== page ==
Things get some­what chaotic as another farmer passes by with his own herd of Swiss Brown cows, deco­rated with sunflowers and herded by men in short-sleeved black velvet jackets and women wearing green dresses with pale pinafores. Merry greet­ings are exchanged as the fami­lies sepa­rate their rather friendly cows, and the other family go on their way down the moun­tain.

It’s time to leave. Mr Felder’s grand­chil­dren Robin (12) and Ellie (11) lead the way with two hand­some brown goats, decked out with appro­pri­ately tinkling bells. Next in line comes 78-year old Hans leading the grand-dames of the herd, which are the most heavily deco­rated, followed by the younger cows and calves.

The cere­mo­nial cow bells are much larger than those worn while grazing in the fields.

Tourist attrac­tion

It could be a health and safety night­mare, as local resi­dents and tourists line the road, snap­ping photos and video of the smiling and waving farmers. But these cows are well handled in their small herds and seem unper­turbed by the inces­sant jangling of the cow bells or their ornate head-dresses.

More than five miles – and nearly 2,300 feet in alti­tude – later, the Felders enter the picturesque town of Schüpfheim. Although it only boasts just over 4,000 resi­dents, today it attracts over 10,000 visi­tors, who throng the streets, frequenting local food and craft stalls and enjoying tradi­tional music and dancing performed by Swiss adults and chil­dren alike.

There is an impor­tant aspect to this local tradi­tion – it really helps to build links between farmers and the general public. Farming in the Entle­buch region is not econom­i­cally viable, so producers rely on govern­ment support as well as adding value to their produce and selling direct.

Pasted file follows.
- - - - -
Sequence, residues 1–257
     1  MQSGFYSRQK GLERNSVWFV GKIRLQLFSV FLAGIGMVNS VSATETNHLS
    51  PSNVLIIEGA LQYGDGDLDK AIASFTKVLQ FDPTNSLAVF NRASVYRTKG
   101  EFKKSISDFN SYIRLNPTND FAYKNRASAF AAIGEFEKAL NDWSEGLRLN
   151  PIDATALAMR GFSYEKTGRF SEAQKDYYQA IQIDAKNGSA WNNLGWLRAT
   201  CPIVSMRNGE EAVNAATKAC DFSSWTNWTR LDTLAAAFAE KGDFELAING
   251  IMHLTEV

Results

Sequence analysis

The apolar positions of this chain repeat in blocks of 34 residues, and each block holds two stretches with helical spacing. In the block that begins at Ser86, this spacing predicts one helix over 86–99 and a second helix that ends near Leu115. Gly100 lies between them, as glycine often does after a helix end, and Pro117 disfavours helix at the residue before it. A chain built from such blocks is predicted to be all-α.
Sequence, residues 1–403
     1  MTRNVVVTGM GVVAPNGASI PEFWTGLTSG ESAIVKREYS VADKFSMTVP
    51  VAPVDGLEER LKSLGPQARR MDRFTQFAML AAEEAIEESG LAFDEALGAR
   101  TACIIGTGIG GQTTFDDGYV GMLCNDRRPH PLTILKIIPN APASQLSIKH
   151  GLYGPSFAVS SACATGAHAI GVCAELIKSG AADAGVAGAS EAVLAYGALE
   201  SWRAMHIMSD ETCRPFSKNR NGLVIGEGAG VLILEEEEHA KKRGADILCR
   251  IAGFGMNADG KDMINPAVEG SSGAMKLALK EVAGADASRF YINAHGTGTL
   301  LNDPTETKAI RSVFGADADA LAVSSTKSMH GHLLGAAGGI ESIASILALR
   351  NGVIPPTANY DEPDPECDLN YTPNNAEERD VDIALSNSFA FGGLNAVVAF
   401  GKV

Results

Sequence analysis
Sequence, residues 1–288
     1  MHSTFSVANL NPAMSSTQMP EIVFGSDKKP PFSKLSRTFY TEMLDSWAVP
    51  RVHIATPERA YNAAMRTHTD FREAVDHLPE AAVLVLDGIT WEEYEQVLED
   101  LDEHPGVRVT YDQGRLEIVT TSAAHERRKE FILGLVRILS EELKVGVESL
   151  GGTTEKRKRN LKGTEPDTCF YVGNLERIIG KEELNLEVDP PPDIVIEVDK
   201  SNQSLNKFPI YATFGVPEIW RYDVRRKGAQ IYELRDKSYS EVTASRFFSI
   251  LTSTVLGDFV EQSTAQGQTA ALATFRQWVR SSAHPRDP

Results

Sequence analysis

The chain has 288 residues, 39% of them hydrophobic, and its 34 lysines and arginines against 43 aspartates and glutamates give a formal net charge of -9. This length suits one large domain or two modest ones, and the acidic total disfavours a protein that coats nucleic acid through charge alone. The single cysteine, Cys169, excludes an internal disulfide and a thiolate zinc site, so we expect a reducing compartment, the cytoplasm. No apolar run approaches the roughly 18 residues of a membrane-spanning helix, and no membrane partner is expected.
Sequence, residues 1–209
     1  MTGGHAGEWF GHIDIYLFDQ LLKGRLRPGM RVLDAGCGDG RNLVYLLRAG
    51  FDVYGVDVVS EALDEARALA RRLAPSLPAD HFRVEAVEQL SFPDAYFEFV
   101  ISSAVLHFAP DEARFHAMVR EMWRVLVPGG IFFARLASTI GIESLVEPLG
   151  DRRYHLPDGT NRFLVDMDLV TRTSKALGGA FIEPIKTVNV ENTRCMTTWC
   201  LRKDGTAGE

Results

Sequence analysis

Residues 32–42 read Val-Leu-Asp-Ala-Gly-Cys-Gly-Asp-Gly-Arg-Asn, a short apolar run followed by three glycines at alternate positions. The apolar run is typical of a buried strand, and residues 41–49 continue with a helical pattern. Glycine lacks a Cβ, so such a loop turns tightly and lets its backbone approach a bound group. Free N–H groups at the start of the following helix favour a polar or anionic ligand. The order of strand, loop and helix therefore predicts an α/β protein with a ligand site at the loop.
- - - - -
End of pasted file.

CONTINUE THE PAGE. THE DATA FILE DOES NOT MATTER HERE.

Although the picturesque town of Schüpfheim only boasts just over 4,000 resi­dents, on the day of the Alp Descent it attracts over 10,000 visi­tors.

Local cheese

By bringing the public in direct contact with farmers – and in such a jovial atmos­phere – they see the cows and the pride their owners take in them. They taste the local cheese, meats, bread and beer, and witness the impor­tance of rural tradi­tions. Nestled in the stun­ning Swiss coun­try­side, it’s a festival which cele­brates the wider value of farming as well as the cows them­selves.

As they wave to the crowds and pat their cows on the back, the Felder family look much more relaxed as they enter the final stretch, having success­fully guided their live­stock down the moun­tain roads, ready to head back to their home farm at Steimät­tili, on the outskirts of Schüpfheim. Some farmers even dismantle their milking parlours and relo­cate them in time for the evening milking.

But first it’s time to unwind, knock back a beer and tradi­tional sausage, and enjoy listening to the alpen­horn orchestra and yodeling choir, assem­bled on the steps of the town church. The festiv­i­ties go on well into the evening, but the good­will engen­dered by the Alpa­b­fahrt will last for a life­time.